The Aedes aegypti mosquito evolved to bite humans because we live near water
BSIP SA / Alamy
Mosquitoes evolved to bite humans if they lived in places with intense dry seasons, according to a study of African mosquitoes. The insects need water to breed and may have latched onto people because we store it in large quantities.
Many mosquitoes bite a wide range of animals, but some have specialised in biting humans and nobody knew why until now. Aedes aegypti mosquitoes often specialise in humans, bringing diseases like Zika, dengue and yellow fever with them. But some African populations of the species have a wider diet.
“No one had actually gone through and systematically characterised behavioural variation in Africa,” says Noah Rose at Princeton University in New Jersey. To do this, he and his colleagues captured A. aegypti eggs from 27 sites in sub-Saharan Africa and raised them in a lab.
They then put the mosquitoes in a chamber where they could catch a whiff of either a human or an animal – a guinea pig or a quail – to see which they would move towards to attempt to bite. A huge range of preferences was found.
The researchers then built a model to determine which factors affected the mosquitoes’ preferences. Those living in areas where the dry season was long and intense were much more likely to prefer humans. There was also a smaller effect of urbanisation: mosquitoes in cities tended to prefer humans.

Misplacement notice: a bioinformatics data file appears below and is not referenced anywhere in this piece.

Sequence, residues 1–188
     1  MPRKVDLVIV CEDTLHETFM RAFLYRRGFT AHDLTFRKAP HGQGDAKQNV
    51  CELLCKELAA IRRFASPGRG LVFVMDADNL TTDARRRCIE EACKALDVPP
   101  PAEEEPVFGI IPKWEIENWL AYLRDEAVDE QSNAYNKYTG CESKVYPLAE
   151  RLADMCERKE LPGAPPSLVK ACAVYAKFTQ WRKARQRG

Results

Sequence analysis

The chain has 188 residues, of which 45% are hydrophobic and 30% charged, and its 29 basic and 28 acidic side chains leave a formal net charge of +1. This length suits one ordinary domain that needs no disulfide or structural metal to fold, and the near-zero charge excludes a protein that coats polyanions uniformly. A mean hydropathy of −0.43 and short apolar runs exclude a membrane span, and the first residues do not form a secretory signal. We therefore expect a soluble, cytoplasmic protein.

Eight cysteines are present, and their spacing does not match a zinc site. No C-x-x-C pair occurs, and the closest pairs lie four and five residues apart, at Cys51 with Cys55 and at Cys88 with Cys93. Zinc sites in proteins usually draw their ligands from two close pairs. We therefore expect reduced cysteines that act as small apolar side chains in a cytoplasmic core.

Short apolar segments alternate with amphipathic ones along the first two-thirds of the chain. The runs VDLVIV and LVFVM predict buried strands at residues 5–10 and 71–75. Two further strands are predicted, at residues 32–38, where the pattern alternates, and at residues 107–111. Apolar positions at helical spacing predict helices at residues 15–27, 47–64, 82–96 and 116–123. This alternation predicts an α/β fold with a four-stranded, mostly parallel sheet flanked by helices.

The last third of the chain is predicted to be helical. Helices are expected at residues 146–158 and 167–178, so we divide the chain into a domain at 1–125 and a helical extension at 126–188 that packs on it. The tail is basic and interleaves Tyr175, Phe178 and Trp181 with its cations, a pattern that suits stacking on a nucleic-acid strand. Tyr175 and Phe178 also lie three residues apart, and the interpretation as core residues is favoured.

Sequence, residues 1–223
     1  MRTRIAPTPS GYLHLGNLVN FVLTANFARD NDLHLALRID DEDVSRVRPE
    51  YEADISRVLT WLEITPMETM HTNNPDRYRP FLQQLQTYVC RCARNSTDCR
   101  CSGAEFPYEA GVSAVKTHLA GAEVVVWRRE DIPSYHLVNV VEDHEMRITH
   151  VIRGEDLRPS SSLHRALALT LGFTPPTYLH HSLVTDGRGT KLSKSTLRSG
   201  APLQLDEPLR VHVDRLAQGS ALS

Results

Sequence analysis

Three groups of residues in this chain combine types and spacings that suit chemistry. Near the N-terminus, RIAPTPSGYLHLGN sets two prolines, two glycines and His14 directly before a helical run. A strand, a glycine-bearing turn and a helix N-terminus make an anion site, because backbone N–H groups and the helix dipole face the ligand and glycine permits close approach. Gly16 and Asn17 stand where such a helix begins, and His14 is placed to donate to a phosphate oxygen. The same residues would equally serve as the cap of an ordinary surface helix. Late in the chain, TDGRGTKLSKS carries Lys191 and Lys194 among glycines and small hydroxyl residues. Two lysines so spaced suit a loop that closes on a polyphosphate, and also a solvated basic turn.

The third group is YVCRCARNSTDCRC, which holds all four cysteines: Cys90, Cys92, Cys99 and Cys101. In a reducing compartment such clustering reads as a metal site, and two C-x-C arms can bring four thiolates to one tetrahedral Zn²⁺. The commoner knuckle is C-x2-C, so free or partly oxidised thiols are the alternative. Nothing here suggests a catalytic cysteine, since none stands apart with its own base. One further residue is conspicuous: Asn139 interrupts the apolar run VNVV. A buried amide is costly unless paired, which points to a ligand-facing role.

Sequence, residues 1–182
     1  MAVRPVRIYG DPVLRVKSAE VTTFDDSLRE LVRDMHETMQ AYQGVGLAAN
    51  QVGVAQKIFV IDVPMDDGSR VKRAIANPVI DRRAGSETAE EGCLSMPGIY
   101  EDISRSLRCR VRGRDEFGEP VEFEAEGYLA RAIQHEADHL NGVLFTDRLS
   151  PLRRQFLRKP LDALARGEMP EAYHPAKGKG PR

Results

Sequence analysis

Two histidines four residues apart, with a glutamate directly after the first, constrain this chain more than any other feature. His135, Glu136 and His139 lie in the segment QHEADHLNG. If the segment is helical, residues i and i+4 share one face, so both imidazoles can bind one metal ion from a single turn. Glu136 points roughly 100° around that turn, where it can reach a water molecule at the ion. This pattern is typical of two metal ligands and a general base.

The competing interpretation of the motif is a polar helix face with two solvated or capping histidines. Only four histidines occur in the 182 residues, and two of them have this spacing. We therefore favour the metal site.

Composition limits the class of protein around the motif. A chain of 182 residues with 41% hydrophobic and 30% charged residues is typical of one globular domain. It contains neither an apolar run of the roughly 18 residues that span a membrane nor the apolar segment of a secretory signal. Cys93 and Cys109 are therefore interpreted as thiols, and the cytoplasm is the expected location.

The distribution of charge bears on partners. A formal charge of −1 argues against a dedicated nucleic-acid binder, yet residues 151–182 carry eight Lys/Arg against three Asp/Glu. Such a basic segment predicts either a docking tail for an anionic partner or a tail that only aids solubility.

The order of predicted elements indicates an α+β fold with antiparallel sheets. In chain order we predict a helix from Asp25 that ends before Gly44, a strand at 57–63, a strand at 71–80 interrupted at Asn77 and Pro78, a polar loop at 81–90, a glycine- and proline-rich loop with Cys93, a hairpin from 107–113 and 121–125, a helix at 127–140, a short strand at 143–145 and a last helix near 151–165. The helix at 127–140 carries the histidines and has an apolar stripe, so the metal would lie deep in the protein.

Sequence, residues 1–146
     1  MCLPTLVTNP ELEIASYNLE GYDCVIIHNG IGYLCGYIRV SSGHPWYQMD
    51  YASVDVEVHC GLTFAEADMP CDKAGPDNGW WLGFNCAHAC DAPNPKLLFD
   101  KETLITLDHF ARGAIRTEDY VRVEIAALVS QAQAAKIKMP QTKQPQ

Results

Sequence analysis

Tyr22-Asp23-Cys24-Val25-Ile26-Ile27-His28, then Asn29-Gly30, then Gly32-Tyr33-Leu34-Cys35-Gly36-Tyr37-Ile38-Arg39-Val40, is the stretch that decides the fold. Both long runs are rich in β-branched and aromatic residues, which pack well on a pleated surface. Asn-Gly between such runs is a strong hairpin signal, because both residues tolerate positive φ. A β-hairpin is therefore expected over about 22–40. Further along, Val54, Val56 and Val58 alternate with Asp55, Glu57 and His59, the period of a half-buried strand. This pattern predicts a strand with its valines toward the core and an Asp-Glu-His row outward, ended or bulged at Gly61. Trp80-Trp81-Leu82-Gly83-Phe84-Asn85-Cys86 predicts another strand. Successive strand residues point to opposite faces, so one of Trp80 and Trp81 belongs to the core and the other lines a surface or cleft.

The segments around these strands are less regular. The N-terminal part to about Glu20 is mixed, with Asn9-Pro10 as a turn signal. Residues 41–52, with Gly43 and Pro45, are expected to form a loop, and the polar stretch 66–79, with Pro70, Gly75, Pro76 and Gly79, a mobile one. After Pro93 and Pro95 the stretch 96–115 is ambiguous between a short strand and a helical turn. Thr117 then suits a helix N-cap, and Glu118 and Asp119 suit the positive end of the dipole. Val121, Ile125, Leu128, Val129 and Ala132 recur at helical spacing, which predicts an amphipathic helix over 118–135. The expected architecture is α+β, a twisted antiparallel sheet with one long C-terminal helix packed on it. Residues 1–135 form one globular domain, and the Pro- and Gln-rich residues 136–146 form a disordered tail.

A long dry season is a problem for A. aegypti, says Rose, because these mosquitoes depend on standing water to rear their young. But humans often create sources of standing water, whether by storing rainwater in barrels or by irrigating crop fields. Mosquitoes that lived thousands of years ago may have been drawn to these places and thus evolved to bite humans.
The story may well be different for Anopheles mosquitoes, which spread malaria, says Rose. These mosquitoes are only distantly related to A. aegypti and have a different life cycle. “The adults can go into a state called aestivation, where they dry out through the dry season,” says Rose.
The model does suggest that more populations of A. aegypti will start to prefer humans between now and 2050. Africa is becoming urbanised and this is expected to have a strong impact on the mosquitoes’ evolution. Surprisingly, climate change may not make a big difference to this over the next three decades, because it isn’t predicted to drastically alter Africa’s dry seasons.
Journal reference: Current Biology, DOI: 10.1016/j.cub.2020.06.092
More on these topics: